OutPerformance in the large cap portfolio was due to exposure to selected technology stocks and the overweight positions in telecommunication and utility stocks. The portfolio also benefited from being underweight some of the weaker industry groups including integrated oil and oil and gas exploration stocks, and most financial stocks. Exposure to the largest cap technology stocks penalized Performance.

July 2010 Summary

Year to Date

The Large Cap has gained 2.42% and leads the Russell 1000 Growth benchmark by 3.48% and the S&P 500 Total Return Index by 2.53%.

Hanseatic’s Large Cap product gained 5.87% in the month of July, underperforming the Russell 1000 Growth benchmark by 1.26% and underperforming the S&P 500 Total Return Index by 1.14%.

The U.S. equity markets traded higher in July, although they remain mired in the trading range that has prevailed since early May. Meanwhile the lack of dispersion among stocks has reached extreme levels. There is a natural tendency to conclude that some new development(s) has changed the markets’ internal structure, in today’s case high frequency trading and the popularity of structured products. Rather, Hanseatic believes that it is a part of the normal ebb and flow of market behavior and psychology, and that as soon as the phenomenon becomes widely recognized the tendency is to revert to more normal conditions.

UnderPerformance in the Large Cap portfolio was primarily due to being relatively underweight industrial, energy and consumer discretionary stocks. A couple stocks adversely impacted by reactions to earnings/guidance also penalized the portfolio.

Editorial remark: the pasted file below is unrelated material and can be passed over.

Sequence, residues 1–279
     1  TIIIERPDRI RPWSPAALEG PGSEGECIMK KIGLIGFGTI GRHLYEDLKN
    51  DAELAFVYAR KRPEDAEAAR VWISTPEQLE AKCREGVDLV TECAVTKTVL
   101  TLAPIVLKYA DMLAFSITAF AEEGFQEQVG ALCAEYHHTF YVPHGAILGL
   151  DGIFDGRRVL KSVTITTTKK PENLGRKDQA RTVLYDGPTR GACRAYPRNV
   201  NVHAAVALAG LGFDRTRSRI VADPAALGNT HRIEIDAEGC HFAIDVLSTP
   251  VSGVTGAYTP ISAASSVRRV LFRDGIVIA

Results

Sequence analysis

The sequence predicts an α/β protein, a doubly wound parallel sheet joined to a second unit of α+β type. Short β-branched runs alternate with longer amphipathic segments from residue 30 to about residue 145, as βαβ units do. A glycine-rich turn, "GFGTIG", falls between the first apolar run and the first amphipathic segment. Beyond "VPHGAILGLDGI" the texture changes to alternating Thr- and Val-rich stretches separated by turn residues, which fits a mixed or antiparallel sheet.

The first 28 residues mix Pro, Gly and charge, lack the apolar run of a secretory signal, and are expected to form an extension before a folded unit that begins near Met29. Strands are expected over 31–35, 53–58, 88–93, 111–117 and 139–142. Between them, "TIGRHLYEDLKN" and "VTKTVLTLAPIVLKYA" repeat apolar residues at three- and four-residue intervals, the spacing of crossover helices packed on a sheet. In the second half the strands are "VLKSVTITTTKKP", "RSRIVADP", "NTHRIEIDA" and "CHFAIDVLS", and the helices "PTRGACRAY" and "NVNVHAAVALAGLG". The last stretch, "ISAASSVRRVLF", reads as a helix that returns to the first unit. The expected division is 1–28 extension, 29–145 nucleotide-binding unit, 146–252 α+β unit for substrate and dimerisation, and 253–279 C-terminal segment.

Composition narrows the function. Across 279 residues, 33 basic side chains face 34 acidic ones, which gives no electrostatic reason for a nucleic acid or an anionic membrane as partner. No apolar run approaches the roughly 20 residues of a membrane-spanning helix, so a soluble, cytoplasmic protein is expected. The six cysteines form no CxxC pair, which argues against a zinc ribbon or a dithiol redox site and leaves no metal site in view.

June 2010 Summary

Year to Date

The Large Cap has lost 3.23% and leads the Russell 1000 Growth benchmark by 4.41% and the S&P 500 Total Return Index by 3.42%.

For the second quarter of 2010, Hanseatic’s Large Cap product lost 8.98% outperforming the Russell 1000 Growth benchmark by 2.77% and outperforming the S&P 500 Total Return Index by 2.45%.

Hanseatic’s Large Cap product lost 5.83% in the month of June, underperforming the Russell 1000 Growth benchmark by 0.32% and the S&P 500 Total Return Index by 0.60%.

In the first half of 2010, the markets have undergone three distinct phases. First was a moderate correction into mid-February, followed by a broad and relatively sustained ten week rally into late April. The sharp correction over the past eight weeks has also been relatively broad and marked by very high volatility even by the standards of the past ten years, which have been extremely volatile compared to prior post-WWII history.